Nov 21, 2014 12:12 PM

Britain still grappling with celebrity sex abuse

The Associated Press

LONDON (AP) A growing scandal of decades-old sexual assault allegations against television icon Bill Cosby has shocked many in the United States. Across the Atlantic, Britain has been struggling for more than two years to come to terms with a barrage of similar accusations against leading men in its entertainment world who allegedly used their fame and power to exploit young victims.

Like the allegations against Cosby, most of those now claiming abuse against high-profile figures in Britain point to incidents that took place years, if not decades, ago. Here's a look at what has happened in Britain:


The soul searching began with revelations that late DJ and television host Jimmy Savile a cultural fixture once mourned by people from Prince Charles to the Bee Gees had been assaulting underage girls for over half a century, using charitable work as a cover to get access to victims. Savile died in 2011 and his reputation began to unravel after an ITV documentary about the abuse. Soon the wave of allegations became a tsunami, implicating schools, charities and hospitals where Savile volunteered.

Britons wondered how they could have been deceived so long and allegations simmered of a cover-up at the highest levels. As the scandal exploded, authorities began investigating further, launching a national inquiry called "Operation Yewtree."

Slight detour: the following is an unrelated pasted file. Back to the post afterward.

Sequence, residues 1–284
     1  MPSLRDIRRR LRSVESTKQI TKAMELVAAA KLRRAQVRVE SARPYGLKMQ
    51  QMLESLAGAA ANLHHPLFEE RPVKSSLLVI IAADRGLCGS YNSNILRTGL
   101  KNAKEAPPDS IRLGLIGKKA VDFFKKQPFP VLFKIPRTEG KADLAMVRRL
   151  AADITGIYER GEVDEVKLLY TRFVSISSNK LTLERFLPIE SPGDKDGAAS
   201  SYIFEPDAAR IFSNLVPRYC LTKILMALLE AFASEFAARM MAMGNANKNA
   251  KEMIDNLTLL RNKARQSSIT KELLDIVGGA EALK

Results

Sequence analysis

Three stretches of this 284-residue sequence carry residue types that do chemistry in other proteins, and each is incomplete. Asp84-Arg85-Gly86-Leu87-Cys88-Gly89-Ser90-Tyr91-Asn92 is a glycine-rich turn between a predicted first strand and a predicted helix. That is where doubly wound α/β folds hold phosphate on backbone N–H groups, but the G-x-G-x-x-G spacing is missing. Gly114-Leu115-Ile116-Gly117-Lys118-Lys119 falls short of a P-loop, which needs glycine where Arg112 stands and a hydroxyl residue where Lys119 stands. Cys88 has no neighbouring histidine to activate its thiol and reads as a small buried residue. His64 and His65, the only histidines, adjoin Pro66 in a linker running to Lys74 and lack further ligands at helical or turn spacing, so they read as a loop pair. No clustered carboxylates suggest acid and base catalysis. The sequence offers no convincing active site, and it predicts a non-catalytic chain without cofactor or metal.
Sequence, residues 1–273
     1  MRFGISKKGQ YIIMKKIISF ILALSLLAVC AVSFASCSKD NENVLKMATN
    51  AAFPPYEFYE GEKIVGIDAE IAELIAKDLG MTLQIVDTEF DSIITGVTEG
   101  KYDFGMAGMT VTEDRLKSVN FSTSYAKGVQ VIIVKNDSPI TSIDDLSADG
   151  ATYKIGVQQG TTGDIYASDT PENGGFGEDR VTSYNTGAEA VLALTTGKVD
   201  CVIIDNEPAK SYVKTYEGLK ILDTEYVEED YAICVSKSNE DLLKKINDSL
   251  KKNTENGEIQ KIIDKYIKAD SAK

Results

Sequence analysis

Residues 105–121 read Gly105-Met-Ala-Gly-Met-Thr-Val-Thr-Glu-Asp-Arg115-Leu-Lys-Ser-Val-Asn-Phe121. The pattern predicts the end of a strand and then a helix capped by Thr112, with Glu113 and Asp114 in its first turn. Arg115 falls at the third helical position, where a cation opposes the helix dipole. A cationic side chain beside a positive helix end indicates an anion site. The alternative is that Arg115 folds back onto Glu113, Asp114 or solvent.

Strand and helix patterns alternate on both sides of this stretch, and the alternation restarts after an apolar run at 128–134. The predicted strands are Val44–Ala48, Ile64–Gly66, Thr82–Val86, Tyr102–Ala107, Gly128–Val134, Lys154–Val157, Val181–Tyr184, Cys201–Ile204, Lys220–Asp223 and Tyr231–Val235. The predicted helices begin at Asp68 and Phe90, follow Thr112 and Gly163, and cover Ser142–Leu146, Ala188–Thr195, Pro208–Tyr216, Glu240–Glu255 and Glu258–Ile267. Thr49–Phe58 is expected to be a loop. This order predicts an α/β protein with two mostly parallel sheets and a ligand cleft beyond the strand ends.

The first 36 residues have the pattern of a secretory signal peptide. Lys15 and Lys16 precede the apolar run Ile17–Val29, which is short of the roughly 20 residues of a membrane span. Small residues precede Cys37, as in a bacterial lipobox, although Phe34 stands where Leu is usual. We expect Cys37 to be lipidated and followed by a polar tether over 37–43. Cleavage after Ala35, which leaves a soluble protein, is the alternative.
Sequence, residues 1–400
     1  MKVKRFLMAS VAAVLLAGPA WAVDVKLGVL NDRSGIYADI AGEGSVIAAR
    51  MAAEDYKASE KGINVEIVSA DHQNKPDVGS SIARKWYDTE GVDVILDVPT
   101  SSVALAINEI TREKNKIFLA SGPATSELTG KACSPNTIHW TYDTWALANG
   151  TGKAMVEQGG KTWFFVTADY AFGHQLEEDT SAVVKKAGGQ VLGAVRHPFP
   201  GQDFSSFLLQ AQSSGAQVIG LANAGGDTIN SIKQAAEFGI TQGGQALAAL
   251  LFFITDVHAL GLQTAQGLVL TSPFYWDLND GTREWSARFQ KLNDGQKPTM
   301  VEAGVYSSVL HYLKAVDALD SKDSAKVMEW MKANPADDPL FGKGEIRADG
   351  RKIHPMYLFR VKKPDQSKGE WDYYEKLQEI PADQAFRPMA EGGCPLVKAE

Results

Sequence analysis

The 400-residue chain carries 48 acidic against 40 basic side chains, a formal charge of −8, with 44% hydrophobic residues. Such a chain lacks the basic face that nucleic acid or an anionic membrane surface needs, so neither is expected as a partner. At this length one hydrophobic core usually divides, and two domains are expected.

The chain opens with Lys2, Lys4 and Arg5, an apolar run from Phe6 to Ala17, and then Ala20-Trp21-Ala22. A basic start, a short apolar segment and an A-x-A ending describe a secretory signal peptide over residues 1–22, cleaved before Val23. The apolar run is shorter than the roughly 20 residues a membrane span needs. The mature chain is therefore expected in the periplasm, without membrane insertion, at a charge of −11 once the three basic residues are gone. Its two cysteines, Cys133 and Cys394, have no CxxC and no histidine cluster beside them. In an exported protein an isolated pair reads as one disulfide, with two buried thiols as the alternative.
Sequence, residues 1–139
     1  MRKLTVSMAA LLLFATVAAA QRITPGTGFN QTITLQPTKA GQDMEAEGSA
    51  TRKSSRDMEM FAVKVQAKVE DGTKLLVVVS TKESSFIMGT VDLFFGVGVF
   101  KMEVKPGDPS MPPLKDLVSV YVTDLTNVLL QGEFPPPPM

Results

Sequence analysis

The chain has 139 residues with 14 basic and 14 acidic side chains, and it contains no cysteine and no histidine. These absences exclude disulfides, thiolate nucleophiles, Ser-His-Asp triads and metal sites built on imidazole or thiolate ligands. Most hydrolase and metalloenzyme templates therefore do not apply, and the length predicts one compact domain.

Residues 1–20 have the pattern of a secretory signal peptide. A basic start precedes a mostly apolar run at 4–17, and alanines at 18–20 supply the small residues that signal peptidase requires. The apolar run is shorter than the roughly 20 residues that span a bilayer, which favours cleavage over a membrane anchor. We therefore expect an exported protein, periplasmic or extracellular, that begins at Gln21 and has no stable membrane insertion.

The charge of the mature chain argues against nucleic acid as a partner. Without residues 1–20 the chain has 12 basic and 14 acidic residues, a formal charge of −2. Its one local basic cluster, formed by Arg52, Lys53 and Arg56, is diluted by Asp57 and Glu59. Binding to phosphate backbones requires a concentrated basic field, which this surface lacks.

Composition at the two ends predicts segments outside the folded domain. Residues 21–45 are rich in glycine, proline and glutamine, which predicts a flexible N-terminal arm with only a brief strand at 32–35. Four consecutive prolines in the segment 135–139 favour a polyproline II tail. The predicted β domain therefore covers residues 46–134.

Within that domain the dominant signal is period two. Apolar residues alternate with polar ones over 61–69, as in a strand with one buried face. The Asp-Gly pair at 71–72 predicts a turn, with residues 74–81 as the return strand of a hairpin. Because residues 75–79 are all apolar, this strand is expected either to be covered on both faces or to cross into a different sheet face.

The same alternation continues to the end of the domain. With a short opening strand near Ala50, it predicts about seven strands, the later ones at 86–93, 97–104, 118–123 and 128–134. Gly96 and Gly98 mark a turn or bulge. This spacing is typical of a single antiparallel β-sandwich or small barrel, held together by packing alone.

Hundreds of men and women have come forward to testify. Perpetrators have been identified. Celebrities have faced trial. Some have been imprisoned. And it is continuing.


Rolf Harris, the veteran Australian-British entertainer, best known as an avuncular children's television host, was sentenced to five years and nine months in prison in July for a dozen indecent assaults on four girls. A prosecutor said that Harris, 84, got away with the assaults, which took place between the '60s and '80s, because he was "too famous, too powerful and his reputation made him untouchable."

Max Clifford, a prominent PR guru who had represented celebrities such as Simon Cowell, was sentenced to eight years in prison in May after he was found guilty of assaulting four women and girls in the '70s and '80s. Clifford was accused of using his entertainment connections to lure young girls into sex including offering them acting roles in the '80s TV series "Dynasty." The judge overseeing the trial said that some of the offenses would be charged as rape if they had taken place today.

Dave Lee Travis, a 69-year-old radio disc jockey and music show host, was convicted in September of indecently assaulting a woman in 1995. Travis was found guilty of cornering a female researcher in the corridor of a TV studio, but cleared of two other charges of indecent and sexual assault.

William Roache, star of the long-running British soap opera "Coronation Street," was charged with raping and sexually assaulting five women in the '60s and '70s. The 81-year-old, who said he had never met the women who accused him, was cleared of the charges in February.


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